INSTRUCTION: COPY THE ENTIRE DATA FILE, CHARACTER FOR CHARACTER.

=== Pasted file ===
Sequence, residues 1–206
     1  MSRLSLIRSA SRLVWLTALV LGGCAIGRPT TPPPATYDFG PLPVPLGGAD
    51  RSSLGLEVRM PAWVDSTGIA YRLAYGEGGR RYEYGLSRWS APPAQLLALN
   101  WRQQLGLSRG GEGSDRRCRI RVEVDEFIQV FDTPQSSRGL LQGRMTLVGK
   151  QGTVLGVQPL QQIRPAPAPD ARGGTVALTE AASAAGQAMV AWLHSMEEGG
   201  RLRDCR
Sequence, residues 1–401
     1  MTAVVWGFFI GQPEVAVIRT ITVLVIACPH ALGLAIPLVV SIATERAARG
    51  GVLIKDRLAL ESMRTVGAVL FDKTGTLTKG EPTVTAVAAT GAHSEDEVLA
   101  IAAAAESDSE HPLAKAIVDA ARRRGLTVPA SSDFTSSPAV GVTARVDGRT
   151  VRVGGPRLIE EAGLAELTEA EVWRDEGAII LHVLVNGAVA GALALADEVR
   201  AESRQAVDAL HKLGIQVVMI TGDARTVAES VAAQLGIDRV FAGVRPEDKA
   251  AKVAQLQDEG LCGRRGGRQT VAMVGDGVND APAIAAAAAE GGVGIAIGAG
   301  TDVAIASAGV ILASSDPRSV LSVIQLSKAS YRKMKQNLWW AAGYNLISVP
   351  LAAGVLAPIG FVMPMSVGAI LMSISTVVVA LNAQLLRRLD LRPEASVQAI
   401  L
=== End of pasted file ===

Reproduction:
Sequence, residues 1–206
     1  MSRLSLIRSA SRLVWLTALV LGGCAIGRPT TPPPATYDFG PLPVPLGGAD
    51  RSSLGLEVRM PAWVDSTGIA YRLAYGEGGR RYEYGLSRWS APPAQLLALN
   101  WRQQLGLSRG GEGSDRRCRI RVEVDEFIQV FDTPQSSRGL LQGRMTLVGK
   151  QGTVLGVQPL QQIRPAPAPD ARGGTVALTE AASAAGQAMV AWLHSMEEGG
   201  RLRDCR
Sequence, residues 1–401
     1  MTAVVWGFFI GQPEVAVIRT ITVLVIACPH ALGLAIPLVV SIATERAARG
    51  GVLIKDRLAL ESMRTVGAVL FDKTGTLTKG EPTVTAVAAT GAHSEDEVLA
   101  IAAAAESDSE HPLAKAIVDA ARRRGLTVPA SSDFTSSPAV GVTARVDGRT
   151  VRVGGPRLIE EAGLAELTEA EVWRDEGAII LHVLVNGAVA GALALADEVR
   201  AESRQAVDAL HKLGIQVVMI TGDARTVAES VAAQLGIDRV FAGVRPEDKA
   251  AKVAQLQDEG LCGRRGGRQT VAMVGDGVND APAIAAAAAE GGVGIAIGAG
   301  TDVAIASAGV ILASSDPRSV LSVIQLSKAS YRKMKQNLWW AAGYNLISVP
   351  LAAGVLAPIG FVMPMSVGAI LMSISTVVVA LNAQLLRRLD LRPEASVQAI
   401  L